Civil rights icon Rev. James Lawson reflects on racial turmoil, hope for future

Rev. James Lawson, one of the lions of the civil rights movement, spoke to ABC7 about the power of nonviolent activism and the current turmoil in America.
LOS ANGELES (KABC) -- Rev. James Lawson is one of the lions of the civil rights movement and is still going strong at 92.

Dr. Martin Luther King, Jr. called Lawson "the leading theorist and strategist of nonviolence in the world," and he is known as the "mind of the movement."

For nearly all his life, James Morris Lawson Jr. has been a student and a teacher of nonviolence as a means of social change. His first lesson came as a fourth grader in Ohio. He punched a kid who hurled a racial slur, and his mother scolded him.

"She said 'Jimmy, what good did that do?' And from that time I recognized that slapping and kicking and screaming and fighting was of no value," said Lawson, who lives in Los Angeles and celebrated his birthday Tuesday.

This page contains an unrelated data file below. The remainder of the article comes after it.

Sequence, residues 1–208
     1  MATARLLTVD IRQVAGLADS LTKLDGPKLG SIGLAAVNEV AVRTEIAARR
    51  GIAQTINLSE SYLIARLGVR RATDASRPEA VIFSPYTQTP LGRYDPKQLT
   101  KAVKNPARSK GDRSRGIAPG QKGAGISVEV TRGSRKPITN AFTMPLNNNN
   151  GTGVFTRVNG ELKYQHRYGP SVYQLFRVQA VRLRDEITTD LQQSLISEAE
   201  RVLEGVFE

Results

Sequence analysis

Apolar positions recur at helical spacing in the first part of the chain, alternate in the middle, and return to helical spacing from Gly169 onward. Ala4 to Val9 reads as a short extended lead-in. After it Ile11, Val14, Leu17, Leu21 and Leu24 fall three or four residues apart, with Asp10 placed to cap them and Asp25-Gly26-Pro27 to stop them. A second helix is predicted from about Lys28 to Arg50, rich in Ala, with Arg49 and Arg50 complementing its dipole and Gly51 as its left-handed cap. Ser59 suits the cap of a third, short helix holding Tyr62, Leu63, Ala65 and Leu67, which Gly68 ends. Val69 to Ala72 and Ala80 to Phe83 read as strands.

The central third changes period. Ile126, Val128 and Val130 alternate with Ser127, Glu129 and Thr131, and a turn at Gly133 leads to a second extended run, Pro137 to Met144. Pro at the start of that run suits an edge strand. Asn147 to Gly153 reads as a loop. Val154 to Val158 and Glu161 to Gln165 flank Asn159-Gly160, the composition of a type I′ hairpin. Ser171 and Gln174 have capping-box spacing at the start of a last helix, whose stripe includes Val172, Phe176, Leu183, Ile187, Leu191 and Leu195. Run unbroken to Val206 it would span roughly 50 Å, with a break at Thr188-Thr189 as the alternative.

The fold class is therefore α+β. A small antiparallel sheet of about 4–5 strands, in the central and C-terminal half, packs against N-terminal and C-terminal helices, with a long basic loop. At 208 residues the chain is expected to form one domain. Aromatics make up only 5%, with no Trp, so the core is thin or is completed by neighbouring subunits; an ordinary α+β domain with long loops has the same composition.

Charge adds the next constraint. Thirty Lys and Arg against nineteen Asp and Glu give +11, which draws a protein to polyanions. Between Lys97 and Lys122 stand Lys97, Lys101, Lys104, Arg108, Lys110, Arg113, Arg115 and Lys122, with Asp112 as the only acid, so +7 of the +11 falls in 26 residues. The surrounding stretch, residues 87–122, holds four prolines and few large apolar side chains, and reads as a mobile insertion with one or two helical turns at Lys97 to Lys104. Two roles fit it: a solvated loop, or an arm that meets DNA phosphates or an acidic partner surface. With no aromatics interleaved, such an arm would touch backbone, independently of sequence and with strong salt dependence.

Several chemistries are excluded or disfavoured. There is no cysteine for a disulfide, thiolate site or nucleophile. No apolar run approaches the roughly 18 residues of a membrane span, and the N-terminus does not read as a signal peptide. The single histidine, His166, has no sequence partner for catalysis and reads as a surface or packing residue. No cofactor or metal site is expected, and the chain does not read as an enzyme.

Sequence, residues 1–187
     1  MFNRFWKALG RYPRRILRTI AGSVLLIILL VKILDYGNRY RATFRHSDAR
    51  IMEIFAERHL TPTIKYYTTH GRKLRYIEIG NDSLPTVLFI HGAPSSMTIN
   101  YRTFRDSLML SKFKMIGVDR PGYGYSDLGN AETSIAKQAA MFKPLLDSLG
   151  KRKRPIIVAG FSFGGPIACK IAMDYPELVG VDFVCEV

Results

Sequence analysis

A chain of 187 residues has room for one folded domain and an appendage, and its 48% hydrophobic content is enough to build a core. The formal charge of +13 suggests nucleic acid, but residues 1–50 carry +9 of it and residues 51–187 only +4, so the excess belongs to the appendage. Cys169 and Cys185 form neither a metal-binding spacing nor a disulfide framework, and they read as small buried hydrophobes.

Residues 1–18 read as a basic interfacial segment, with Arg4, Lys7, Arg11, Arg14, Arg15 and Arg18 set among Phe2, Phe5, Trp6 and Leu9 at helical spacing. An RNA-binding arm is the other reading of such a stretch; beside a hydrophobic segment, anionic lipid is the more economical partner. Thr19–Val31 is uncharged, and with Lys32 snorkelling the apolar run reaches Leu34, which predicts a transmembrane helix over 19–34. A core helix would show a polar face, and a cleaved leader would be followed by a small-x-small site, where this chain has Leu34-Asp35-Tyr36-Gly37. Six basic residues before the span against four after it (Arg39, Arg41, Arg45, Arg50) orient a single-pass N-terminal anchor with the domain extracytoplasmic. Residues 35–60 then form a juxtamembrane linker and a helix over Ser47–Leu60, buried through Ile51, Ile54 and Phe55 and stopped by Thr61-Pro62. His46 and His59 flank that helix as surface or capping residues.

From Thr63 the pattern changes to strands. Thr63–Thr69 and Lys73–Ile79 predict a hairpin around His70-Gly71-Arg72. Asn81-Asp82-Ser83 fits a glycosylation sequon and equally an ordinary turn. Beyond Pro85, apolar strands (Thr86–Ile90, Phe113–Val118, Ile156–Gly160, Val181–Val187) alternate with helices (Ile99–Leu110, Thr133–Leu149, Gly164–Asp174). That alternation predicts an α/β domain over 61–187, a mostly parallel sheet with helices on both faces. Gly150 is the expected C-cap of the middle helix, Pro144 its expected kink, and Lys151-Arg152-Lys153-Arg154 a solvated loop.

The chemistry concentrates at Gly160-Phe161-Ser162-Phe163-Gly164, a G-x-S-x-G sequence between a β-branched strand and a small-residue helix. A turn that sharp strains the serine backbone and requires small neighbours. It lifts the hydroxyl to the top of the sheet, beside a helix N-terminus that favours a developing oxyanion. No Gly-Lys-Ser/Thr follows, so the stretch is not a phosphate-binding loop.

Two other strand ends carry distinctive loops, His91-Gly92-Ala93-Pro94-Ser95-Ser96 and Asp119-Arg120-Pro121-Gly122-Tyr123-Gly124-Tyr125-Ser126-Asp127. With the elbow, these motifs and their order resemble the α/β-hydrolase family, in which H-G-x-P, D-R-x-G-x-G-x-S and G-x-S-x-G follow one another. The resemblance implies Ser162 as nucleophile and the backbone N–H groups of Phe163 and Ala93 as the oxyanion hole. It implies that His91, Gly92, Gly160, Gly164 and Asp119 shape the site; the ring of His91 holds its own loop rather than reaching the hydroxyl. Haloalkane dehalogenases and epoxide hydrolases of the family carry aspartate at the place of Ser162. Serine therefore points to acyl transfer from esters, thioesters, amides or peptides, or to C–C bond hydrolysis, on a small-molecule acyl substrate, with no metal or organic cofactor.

Lawson went to prison as a young man for declaring himself a conscientious objector when drafted. He studied nonviolence with Gandhi, staged lunch counter sit-ins in Tennessee and shared his strategy of nonviolence with Dr. Martin Luther King, Jr. and a young John Lewis.

Lawson sees the current turmoil in America as a symptom of a violent culture and a residue of unresolved racial conflict and oppression.

"I see racism as one of the ancient cruelties, ancient forms of hating some people, like sexism is, like violence is, and so, I recognize that we do not need to live that way," Lawson said.

At 92, his steps are slower, his voice is not as booming, but the faith that has driven him all his life is as strong as ever, even in these times.

"I think there are too many signs of hope to be pessimistic," he said.

Los Angeles County declared Tuesday James Lawson Day. Coincidentally, it landed on National Voter Registration Day as well.

Rev. Lawson urges all eligible people to register and vote.
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